Tag: injury/ailment

Dear Mark: Amino Acid Supplements, Preventing an Infection, and Knee Pain in a Lunging Athlete

For today’s edition of Dear Mark, I’m answering three questions. First, are the amino acid supplements sarcosine, D-serine, and D-cycloserine worth taking? What do they do and who can they help? Next, what should you do to prevent an infection? Besides the regular stuff like vitamin C and vitamin D, is there anything else to take to mitigate the damage and prevent pathogenic incursions? And finally, I field a question from a fencer and martial artist who’s feeling the beginning twinges of knee pain. He leads a lunge-heavy life—it’s an inescapable part of his training—and I offer a few suggestions for limiting the damage.

Let’s go:

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Did Grok Suffer from Seasonal Allergies?

Spring has sprung across most of the country. Awesome, right? Not if you’ve got seasonal allergies. Anyone with a severe case of hay fever knows how horrible it is being outside on a windy otherwise beautiful spring day with pollen blowing and rapacious bees buzzing around. Your eyes water and swell up. Your nose congests, you go into mouth breather mode. Pressure headaches start. You can’t taste your food. You can’t really see through the tears and redness. Everything above the neck itches. Sneeze attacks seize you. You’re supposed to be in heaven. It’s all so lovely. Yet all that beauty, greenery, and life are lost on you. Spring is your enemy when you have hay fever.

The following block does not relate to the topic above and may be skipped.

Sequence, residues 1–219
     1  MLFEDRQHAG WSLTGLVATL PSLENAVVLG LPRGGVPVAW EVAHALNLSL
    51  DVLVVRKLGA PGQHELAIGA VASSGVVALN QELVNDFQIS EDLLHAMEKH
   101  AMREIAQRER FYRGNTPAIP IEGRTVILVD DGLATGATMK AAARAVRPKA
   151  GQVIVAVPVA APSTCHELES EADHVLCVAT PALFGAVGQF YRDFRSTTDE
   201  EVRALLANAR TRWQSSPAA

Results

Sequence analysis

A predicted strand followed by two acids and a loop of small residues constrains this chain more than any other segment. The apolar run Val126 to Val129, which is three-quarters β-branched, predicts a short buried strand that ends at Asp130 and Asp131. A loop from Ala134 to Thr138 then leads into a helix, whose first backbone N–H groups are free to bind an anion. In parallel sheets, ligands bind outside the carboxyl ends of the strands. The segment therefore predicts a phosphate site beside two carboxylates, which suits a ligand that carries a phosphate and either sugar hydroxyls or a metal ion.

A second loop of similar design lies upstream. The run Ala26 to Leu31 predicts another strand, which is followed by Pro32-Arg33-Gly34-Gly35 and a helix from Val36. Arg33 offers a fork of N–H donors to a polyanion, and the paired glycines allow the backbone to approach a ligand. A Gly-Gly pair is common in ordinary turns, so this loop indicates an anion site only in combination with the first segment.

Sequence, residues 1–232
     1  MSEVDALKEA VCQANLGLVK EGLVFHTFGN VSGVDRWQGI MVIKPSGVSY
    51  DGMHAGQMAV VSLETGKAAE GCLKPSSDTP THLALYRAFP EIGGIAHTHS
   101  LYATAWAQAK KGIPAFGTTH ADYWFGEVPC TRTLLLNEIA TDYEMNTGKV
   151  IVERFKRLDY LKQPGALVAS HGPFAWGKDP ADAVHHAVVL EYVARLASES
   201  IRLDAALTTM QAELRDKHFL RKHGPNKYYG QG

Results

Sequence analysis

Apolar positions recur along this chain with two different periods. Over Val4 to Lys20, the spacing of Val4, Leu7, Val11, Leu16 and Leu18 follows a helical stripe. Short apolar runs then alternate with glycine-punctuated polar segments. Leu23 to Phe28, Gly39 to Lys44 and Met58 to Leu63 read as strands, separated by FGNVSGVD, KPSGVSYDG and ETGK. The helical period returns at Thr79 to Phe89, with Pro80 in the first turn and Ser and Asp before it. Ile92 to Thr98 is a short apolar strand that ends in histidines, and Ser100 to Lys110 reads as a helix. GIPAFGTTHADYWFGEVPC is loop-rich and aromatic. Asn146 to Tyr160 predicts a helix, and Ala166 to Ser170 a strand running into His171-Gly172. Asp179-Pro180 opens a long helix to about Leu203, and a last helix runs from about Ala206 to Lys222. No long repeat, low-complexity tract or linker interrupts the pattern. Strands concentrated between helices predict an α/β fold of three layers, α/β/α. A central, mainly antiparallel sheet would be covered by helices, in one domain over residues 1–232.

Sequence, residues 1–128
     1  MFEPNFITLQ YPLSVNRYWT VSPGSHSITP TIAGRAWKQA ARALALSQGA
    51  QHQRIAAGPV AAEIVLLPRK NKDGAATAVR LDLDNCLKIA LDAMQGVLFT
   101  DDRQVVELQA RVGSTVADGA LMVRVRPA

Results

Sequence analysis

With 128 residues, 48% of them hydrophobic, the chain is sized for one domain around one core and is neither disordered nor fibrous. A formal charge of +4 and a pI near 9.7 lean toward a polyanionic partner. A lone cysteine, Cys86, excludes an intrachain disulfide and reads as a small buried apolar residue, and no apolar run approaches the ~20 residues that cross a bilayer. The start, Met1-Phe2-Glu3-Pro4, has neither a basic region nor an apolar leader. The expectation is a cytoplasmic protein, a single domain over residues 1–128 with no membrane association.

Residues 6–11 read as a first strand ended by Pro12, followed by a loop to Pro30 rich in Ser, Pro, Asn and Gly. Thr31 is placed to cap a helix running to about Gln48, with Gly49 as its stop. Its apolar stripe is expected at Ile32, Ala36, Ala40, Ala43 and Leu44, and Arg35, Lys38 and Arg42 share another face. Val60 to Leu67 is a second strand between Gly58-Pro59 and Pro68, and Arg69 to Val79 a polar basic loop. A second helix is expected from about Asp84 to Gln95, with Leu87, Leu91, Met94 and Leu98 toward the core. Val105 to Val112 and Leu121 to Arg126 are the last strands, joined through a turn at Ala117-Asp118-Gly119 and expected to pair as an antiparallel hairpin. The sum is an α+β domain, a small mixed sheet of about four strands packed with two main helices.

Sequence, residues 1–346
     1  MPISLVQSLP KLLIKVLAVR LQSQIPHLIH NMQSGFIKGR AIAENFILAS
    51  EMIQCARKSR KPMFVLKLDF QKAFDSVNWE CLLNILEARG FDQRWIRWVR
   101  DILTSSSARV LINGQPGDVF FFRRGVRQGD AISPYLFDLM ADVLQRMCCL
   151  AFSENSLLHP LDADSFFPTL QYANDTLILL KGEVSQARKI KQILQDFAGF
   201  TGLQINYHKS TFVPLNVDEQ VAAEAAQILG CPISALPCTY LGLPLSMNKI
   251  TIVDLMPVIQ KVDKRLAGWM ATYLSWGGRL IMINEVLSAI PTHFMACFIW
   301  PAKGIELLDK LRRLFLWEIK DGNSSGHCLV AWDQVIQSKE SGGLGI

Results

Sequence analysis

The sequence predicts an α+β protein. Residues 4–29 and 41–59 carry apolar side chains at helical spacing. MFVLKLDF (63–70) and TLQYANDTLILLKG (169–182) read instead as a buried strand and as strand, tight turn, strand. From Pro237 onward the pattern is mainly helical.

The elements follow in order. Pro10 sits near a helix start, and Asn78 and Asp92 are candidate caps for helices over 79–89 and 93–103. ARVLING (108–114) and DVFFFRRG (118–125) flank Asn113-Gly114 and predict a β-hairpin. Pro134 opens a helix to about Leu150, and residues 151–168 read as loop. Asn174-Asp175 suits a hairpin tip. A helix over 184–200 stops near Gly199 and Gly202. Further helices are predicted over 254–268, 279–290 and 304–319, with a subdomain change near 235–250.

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How Going Primal Can Help With 5 Common Genetic Mutations

As I mentioned earlier this year, our personal ancestry can help determine how we respond to certain dietary, behavior, exercise, and lifestyle patterns. The big question remaining is this: does going Primal mesh with some of the more common polymorphisms? Yes. The Primal Blueprint is a living document. Its foundation rests on pre-agricultural human evolution, but by remaining flexible and offering ample room for personalization, it acknowledges the fact that evolution has continued to occur.

Let’s take a look at five genetic mutations and how the Primal way of eating, living, and moving can help mitigate their downsides.

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8 Common Cold Cures That Actually Seem to Work

Winter is nearly here, and it’s getting cold out there. We’re staying inside, cloistered together, sharing bodily fluids, and trading germs. The sun is weak, if it’s out at all, our vitamin D levels are shot, and our immune system is suffering. Many of us are traveling in planes, trains, and automobiles tightly packed with other people in the same immune predicament. It’s the perfect breeding ground for the dozens of viruses responsible for upper respiratory tract infections like the common cold and flu.

What can we do?

People have been catching the common cold for millennia. Hop in your Delorean and travel to any time or place and you’ll hear people complaining about runny noses, sore throats, and persistent coughs and see others hawking cures and treatments. Some remedies are pure hogwash. Some aren’t. Today, I’m going to look at a few of the ones that work.

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Dear Mark: Back Health and Weight Lifting, Blood Pressure on Primal

For today’s edition of Dear Mark, I’m answering two reader questions. First, Will wonders whether his brother’s recent back injury from lifting a bag of mortar and his father’s lifelong bout with spinal stenosis following a deadlift injury should inform his exercise choices. Is the deadlift inherently risky? How prevalent is disc degeneration, and what does it mean? Then, Mike is a very active 52 year-old with a history of great blood pressure readings who’s been Primal for four months. At his latest checkup, his blood pressure and heart rate were elevated. Should he worry? What could it mean?

Let’s go:

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Dear Mark: Sugar in Blackstrap Molasses, Eating Cheat Foods All at Once or in Installments, and Healthy Pooping with a Fused Knee